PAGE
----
MMary Stewart, a British author, wrote her books roughly between 1954 and 1997. Her first novel was Madam Will You Talk while today’s e-book bargain, The Gabriel Hounds, was published in 1967. This author wrote clever, engaging novels of romantic suspense. Often the chapters began with quotes from Shakespeare. Her heroines were generally engaging, the stories took place in scenic locations and reading them was pretty pleasurable. This one takes place in Lebanon. A teaser:
The deep blue oblong of sky above the open court was pricking already with brilliant stars. No ugly diffusion of city light spoiled the deep velvet of that sky; even hanging as it was above the glittering and crowded richness of the Damascus oasis, it spoke of the desert and the vast empty silence beyond the last palm tree.
Let the adventure begin. Of note, many years ago Hayley Mills starred in several movies based on Mary Stewart’s books. The books have recently become available as e-books; each has a beautiful cover. Many are available for $1.99 or $2.99.
I read Lauren Belfer‘s book when it first came out. It is an historical novel and one that kept me turning the pages. I read it a while ago so borrow a review below:
*Starred Review* Through the story of divorced 36-year-old Life photojournalist Claire Shiply, Belfer blends fact and fiction to describe the development of penicillin as a weapon of war in the 1940s. Seeing an early trial of the green-mold medicine—in which a dying man is miraculously cured of his infection, then dies when the medication runs out—Shiply is drawn to the story because of the earlier death of her young daughter from septicemia. She is drawn, too, to head researcher Dr. James Stanton, who is soon tapped to be national scientific coordinator to provide penicillin to treat battlefield infections. While Stanton travels to war zones, Claire is asked by government officials to watch for pharmaceutical companies neglecting production of unpatented penicillin to develop “cousin” antibacterials, even after her wealthy father has taken over one of the companies involved. Belfer (City of Light, 2003) combines life-and-death scenarios, romance, murder, and wartime reality at home and abroad, while satirizing industrialists who profit by dubious means and salve their consciences through philanthropy; and she warns that resistance to antibiotics could return us “to the era when otherwise healthy adults died from a scratch on the knee.” An engrossing and ambitious novel that vividly portrays a critical time in American history. –Michele Leber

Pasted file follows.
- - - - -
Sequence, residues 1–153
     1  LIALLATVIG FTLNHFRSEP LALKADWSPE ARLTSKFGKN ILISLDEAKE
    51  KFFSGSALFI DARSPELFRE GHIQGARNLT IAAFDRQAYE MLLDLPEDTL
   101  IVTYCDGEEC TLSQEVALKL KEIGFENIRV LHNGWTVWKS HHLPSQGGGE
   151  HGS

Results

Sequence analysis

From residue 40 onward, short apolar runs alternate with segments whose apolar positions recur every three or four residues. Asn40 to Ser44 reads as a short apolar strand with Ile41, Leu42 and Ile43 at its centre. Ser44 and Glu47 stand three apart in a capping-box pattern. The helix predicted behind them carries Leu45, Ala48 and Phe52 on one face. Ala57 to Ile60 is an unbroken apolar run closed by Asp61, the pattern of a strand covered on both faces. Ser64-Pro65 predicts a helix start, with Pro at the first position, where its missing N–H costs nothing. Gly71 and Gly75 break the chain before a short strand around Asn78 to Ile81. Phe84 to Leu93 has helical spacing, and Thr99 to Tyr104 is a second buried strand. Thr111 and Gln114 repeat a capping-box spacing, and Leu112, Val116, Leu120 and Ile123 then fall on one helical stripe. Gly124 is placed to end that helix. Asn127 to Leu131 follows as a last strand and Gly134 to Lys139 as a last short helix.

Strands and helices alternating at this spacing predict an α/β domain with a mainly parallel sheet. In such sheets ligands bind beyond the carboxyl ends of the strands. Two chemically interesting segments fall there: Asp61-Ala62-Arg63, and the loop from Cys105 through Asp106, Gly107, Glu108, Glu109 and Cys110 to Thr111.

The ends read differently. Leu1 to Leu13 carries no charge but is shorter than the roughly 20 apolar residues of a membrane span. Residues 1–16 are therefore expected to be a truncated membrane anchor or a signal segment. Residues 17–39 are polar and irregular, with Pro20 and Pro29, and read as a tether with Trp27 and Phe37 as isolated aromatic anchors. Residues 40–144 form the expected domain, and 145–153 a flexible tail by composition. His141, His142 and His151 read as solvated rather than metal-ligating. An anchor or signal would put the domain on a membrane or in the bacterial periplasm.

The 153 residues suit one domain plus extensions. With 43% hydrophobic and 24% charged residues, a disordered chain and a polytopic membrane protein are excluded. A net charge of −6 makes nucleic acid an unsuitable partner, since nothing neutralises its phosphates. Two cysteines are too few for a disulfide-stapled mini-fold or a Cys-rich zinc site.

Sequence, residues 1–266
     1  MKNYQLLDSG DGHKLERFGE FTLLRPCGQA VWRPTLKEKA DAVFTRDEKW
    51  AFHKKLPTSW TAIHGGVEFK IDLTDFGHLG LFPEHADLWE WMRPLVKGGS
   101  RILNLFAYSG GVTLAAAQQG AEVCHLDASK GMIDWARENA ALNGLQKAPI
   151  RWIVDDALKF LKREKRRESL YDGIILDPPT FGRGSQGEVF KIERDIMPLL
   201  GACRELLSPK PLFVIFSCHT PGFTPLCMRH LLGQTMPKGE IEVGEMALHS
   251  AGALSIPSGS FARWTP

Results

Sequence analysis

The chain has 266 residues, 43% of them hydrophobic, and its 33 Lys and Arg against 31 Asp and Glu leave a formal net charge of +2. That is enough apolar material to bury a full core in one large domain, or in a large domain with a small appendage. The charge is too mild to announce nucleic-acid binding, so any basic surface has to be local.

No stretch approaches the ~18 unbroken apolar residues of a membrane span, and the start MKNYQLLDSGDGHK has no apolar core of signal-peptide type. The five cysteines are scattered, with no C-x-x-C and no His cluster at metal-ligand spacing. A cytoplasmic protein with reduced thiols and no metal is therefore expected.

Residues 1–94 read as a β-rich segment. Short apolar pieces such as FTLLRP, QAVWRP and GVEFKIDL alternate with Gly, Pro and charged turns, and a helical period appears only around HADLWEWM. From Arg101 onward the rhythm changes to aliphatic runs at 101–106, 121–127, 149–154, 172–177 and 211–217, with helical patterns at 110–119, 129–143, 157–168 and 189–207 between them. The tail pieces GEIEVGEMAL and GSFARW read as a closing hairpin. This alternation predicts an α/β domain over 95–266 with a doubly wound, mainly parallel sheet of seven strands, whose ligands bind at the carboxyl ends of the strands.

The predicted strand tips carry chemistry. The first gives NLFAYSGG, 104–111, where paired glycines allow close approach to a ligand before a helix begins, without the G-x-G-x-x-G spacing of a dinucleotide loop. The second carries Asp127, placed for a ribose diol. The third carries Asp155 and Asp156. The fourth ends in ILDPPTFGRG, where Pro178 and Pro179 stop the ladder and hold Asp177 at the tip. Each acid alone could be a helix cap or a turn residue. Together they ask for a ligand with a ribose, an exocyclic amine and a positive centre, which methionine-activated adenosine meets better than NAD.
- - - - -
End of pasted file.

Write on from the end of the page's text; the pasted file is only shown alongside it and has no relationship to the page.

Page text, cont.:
This book is worth a look.